In order for the State to establish a time-line, or opportunity in which Mr. Mann could have committed the robbery, it was necessary to introduce evidence of when and why he was admitted to the hospital, as well as evidence concerning the type of treatment provided and when he was released. The jury had a right to know that Mr. Mann was not admitted to the hospital for surgery or a broken limb. In other words, it was necessary for the jury to know that Mr. Mann did not receive treatment for some type of injury that would have precluded him from being physically able to commit the robbery. This was a highly relevant issue that the jury should not be required to speculate about during deliberation. Therefore, the trial court did not abuse its discretion by admitting evidence as to why Mr. Mann was admitted to the hospital.

         2. Evidence of Mr. Mann's cocaine addiction. A thorough review of the record in this case demonstrates that the State did not mention during its opening statement that evidence of Mr. Mann's cocaine addiction would be introduced. During its case-in- chief, the State did not elicit from any of its witnesses evidence that Mr. Mann had a cocaine addiction. However, during Mr. Mann's case-in-chief, the State cross-examined him about his drug use. In reviewing the record we find that Mr. Mann opened the door to such cross-examination. It has long been the rule in this State that “[a]n appellant or plaintiff in error will not be permitted to complain of error in the admission of evidence which he offered or elicited[.]” Syl. pt. 2, in part, State v. Bowman, 155 W. Va. 562, 184 S.E.2d 314 (1971). Where inadmissible evidence is introduced as a result of the rigorous examination of the complaining party, the error is deemed invited error. State v. Hanson, 181 W. Va. 353, 363, 382 S.E.2d 547, 557 (1989). Addressing the issue of invited error in State v. Crabtree, 198 W. Va. 620, 627, 482 S.E.2d 605, 612 (1996), we made the following observations:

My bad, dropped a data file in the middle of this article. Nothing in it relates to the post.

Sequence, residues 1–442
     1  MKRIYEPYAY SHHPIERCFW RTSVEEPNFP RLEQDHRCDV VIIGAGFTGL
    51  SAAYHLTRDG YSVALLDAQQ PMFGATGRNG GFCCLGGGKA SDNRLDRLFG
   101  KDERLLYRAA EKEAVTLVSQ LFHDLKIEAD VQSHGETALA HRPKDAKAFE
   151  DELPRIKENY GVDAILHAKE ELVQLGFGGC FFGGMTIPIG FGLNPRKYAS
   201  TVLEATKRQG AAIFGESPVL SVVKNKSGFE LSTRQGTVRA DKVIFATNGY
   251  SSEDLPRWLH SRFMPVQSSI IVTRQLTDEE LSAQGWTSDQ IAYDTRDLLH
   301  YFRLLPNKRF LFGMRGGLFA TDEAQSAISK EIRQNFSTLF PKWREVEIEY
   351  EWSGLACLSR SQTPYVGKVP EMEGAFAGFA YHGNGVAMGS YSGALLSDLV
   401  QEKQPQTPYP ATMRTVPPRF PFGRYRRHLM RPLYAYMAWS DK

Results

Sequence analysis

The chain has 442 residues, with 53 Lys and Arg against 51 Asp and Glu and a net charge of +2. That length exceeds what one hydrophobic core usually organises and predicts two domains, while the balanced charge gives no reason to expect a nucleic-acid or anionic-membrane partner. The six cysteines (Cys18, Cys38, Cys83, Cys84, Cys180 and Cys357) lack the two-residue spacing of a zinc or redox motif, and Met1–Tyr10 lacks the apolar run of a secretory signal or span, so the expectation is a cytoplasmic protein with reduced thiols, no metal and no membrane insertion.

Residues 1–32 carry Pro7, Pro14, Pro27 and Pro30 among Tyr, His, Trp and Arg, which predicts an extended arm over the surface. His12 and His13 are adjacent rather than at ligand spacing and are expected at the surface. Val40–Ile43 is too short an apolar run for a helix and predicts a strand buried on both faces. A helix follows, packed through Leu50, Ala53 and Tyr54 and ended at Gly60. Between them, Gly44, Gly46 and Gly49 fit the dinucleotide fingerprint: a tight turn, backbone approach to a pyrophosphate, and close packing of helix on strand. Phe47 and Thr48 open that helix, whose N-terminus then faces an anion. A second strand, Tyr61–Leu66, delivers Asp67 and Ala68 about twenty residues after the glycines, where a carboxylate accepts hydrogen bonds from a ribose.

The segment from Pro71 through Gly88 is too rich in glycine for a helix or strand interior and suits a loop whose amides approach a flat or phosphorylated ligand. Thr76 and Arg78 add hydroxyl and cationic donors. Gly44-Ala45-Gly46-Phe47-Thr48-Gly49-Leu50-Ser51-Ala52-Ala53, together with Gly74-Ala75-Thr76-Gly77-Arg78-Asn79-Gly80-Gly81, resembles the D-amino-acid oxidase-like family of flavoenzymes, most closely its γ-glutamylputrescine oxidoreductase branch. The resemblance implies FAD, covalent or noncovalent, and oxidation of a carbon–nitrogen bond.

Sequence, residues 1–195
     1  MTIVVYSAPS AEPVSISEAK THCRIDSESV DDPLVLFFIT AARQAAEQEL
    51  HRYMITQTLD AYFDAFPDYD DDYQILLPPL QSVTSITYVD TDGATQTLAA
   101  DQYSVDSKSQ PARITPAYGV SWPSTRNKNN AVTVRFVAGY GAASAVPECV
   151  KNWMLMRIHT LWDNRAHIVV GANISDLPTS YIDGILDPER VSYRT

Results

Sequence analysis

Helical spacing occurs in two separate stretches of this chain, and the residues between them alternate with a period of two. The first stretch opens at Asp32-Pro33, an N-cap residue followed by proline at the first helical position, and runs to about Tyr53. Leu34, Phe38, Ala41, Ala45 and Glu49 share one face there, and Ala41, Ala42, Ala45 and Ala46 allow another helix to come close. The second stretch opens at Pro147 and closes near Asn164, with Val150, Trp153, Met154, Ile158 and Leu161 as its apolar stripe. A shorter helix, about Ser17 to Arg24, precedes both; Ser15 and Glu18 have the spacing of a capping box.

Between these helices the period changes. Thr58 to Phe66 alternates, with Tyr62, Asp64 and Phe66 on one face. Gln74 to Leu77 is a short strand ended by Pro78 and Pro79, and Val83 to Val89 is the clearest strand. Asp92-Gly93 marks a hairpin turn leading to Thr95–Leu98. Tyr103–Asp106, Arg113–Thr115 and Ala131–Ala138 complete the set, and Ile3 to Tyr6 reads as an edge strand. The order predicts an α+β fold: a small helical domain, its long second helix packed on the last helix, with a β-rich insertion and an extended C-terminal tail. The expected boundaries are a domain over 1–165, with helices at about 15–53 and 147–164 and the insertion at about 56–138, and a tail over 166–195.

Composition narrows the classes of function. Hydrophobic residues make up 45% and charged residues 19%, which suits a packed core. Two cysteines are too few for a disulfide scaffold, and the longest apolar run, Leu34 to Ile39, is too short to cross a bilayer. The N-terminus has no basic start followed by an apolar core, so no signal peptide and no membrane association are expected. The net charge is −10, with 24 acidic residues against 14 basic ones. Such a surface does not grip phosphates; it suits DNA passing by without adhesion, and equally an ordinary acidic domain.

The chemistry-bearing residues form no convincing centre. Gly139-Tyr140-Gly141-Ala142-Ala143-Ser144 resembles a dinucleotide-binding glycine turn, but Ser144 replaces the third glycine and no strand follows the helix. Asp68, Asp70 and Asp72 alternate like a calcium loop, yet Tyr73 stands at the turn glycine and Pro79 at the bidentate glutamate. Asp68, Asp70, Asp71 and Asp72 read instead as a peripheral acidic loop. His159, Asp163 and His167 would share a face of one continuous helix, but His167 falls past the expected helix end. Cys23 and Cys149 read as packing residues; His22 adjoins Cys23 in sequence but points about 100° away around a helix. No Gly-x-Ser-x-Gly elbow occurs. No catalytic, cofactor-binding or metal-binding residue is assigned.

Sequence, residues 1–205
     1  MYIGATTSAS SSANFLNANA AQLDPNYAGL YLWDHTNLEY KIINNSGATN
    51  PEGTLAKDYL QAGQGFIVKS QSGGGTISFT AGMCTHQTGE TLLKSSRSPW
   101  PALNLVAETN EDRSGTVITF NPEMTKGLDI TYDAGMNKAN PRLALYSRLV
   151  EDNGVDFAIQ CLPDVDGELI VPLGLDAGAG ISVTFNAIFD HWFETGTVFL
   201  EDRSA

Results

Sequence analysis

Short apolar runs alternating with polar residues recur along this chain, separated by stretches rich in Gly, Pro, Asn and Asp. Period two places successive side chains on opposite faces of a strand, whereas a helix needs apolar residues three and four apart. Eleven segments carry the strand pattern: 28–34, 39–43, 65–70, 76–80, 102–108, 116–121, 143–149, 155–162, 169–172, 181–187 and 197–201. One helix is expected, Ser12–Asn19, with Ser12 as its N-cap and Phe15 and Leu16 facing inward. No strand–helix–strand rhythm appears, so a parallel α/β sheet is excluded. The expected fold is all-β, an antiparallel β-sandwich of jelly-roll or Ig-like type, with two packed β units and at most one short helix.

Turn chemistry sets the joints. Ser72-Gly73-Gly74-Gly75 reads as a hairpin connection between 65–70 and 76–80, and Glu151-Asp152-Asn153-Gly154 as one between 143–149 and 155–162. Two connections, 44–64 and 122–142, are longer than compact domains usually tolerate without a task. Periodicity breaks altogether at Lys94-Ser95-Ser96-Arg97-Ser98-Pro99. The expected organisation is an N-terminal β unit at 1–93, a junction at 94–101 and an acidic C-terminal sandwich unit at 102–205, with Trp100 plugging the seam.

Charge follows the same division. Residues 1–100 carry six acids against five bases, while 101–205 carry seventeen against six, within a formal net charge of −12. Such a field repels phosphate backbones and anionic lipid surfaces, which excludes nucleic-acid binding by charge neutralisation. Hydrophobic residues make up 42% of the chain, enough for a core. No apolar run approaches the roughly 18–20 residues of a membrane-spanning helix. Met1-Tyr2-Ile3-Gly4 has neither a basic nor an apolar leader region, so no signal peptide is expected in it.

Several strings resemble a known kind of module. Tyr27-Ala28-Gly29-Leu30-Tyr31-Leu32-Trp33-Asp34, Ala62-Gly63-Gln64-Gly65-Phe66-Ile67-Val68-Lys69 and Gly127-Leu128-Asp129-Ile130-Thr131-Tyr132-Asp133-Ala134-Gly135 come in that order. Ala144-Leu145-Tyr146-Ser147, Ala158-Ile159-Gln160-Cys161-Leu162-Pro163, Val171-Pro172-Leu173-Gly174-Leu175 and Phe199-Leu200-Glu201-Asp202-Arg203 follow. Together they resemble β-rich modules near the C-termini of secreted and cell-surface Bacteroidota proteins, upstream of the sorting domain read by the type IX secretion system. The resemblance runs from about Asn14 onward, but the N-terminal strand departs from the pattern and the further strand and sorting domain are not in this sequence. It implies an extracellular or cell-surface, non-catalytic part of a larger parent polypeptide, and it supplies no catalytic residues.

“Invited error” is a cardinal rule of appellate review applied to a wide range of conduct. It is a branch of the doctrine of waiver which prevents a party from inducing an inappropriate or erroneous response and then later seeking to profit from that error. The idea of invited error is not to make the evidence admissible but to protect principles underlying notions of judicial economy and integrity by allocating appropriate responsibility for the inducement of error. Having induced an error, a party in a normal case may not at a later stage of the trial use the error to set aside its immediate and adverse consequences.